Written by: Phindile Le Bris Sithole-Spong

An interview with DR Kirti Patel-Boosi

Its hard to ignore gender-based violence. Where ever you look these days, there is something on the news; on social media or in your vicinity that reminds you how vulnerable women are. With a global pandemic that is affecting us all and forcing us to stay home, more and more women are becoming vulnerable to abuse of some kind. I had a chat with former school mate DR Kirti Patel-Boosi to discuss this global pandemic that is thriving on the coattails of COVID-19 and putting women at risk and how we can all do our part.

Phindile Sithole-Spong: Hi Kirti, thanks so much for agreeing to do this interview. I have been so inspired by how vocal you have been about gender-based violence that I thought it imperative we have a chat. But before we jump in tell us a little bit about yourself like where you are from, where you work and how you chose your current career path?

DR Kirti Patel-Boosi: Hey Phindi! What an honor and a pleasure it is to do this interview with you. I am so excited for your new adventure and to watch She Evolves grow.

So I am currently based in Johannesburg and am doing my Community Service year, working in the Emergency Department (ED) at a state district hospital on the East Rand. Community Service is a mandatory year before you are allowed to practice as an independent practitioner in South Africa.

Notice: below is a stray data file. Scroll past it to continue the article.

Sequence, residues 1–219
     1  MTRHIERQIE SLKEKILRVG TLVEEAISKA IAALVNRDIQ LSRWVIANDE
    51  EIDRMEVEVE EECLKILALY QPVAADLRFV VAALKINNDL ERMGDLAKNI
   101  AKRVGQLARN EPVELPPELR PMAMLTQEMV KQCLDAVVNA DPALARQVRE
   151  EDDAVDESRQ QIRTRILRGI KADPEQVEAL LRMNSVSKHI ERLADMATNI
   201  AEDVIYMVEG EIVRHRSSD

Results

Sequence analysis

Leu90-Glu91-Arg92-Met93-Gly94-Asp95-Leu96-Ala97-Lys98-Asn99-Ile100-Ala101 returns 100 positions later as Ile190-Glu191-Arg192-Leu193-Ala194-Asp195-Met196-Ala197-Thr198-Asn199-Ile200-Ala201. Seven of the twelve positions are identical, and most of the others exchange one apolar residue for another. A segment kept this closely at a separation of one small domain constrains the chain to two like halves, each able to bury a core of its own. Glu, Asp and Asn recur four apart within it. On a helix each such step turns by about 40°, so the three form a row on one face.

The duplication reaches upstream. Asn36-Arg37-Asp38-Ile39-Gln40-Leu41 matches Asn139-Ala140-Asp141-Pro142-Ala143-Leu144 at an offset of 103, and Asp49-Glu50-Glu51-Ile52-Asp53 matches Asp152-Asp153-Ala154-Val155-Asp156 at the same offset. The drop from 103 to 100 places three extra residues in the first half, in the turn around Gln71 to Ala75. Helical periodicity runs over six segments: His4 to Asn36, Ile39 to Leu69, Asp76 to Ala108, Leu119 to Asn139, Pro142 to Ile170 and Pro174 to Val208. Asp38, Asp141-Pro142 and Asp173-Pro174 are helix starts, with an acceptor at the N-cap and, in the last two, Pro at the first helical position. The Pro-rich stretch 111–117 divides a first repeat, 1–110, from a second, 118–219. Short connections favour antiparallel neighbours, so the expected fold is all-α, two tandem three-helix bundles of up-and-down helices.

From a young age I had exposure to medicine and that exposure turned into a passion. My father is a pediatrician and I remember distinctly having to wait outside the NICU on a Saturday while he would check on a patient or hide under the desk in his practice waiting until a patient left to steal a lollipop. I was always inspired by how people spoke so highly of him as a doctor and how many lives he truly did change. Subconsciously that sparked something in me. That was then solidified in high school when I begun to learn more about biology and found it interesting. I knew then that I had found a career worth pursuing.

PSS: A few weeks ago on your instagram, you posted about an incident where a women came into the hospital you work in after she had obviously had a violent altercation with her partner and that seemed to really stir up something in you why is that?

KPB: In medicine, especially in the, ED you are confronted with the many joys of helping people but also the many harsh realities of society. I have attended to so many patients who are

either the perpetrator or the victim of horrendously violent crimes. I think I have become more vocal on social media because

1) it appears that there is a misunderstanding regarding poverty and we forget that on the end of that people are truly suffering and

2) I am so tired of seeing women coming into the ED bruised and battered and it feels like no one is doing anything about the survivors of gender-based violence (GBV). We only speak once someone is actually demised due to it. When you read the statistics and are surrounded by other female doctors/nurses you cannot help but wonder which one of us is next? It just felt like I had had enough and I had to speak out on Instagram. If we become desensitized to these issues then we walk into dangerous territory of complacency.

PSS: I agree with that assessment and I can only imagine how much you see on a daily basis. On the topic of speaking out you also said something else recently which was that you felt you had to take a stance and “politicize medicine” what does that mean?